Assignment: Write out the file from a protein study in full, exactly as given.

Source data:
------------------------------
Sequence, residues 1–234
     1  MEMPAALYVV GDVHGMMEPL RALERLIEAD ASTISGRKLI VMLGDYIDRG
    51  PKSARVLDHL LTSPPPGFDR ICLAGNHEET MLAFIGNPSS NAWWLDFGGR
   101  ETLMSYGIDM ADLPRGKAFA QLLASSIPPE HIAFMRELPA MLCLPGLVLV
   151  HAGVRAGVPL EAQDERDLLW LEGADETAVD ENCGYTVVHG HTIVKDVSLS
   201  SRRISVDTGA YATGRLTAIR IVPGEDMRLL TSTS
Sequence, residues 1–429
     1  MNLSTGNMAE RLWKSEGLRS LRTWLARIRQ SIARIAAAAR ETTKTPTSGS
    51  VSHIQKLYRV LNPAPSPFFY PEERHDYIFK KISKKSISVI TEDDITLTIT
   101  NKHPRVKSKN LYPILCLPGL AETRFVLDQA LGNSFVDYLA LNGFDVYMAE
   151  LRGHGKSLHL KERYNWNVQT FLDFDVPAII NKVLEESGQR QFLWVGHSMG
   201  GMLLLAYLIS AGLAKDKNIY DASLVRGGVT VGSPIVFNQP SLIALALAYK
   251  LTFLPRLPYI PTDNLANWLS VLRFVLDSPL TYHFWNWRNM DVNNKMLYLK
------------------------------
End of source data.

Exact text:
Sequence, residues 1–234
     1  MEMPAALYVV GDVHGMMEPL RALERLIEAD ASTISGRKLI VMLGDYIDRG
    51  PKSARVLDHL LTSPPPGFDR ICLAGNHEET MLAFIGNPSS NAWWLDFGGR
   101  ETLMSYGIDM ADLPRGKAFA QLLASSIPPE HIAFMRELPA MLCLPGLVLV
   151  HAGVRAGVPL EAQDERDLLW LEGADETAVD ENCGYTVVHG HTIVKDVSLS
   201  SRRISVDTGA YATGRLTAIR IVPGEDMRLL TSTS
Sequence, residues 1–429
     1  MNLSTGNMAE RLWKSEGLRS LRTWLARIRQ SIARIAAAAR ETTKTPTSGS
    51  VSHIQKLYRV LNPAPSPFFY PEERHDYIFK KISKKSISVI TEDDITLTIT
   101  NKHPRVKSKN LYPILCLPGL AETRFVLDQA LGNSFVDYLA LNGFDVYMAE
   151  LRGHGKSLHL KERYNWNVQT FLDFDVPAII NKVLEESGQR QFLWVGHSMG
   201  GMLLLAYLIS AGLAKDKNIY DASLVRGGVT VGSPIVFNQP SLIALALAYK
   251  LTFLPRLPYI PTDNLANWLS VLRFVLDSPL TYHFWNWRNM DVNNKMLYLK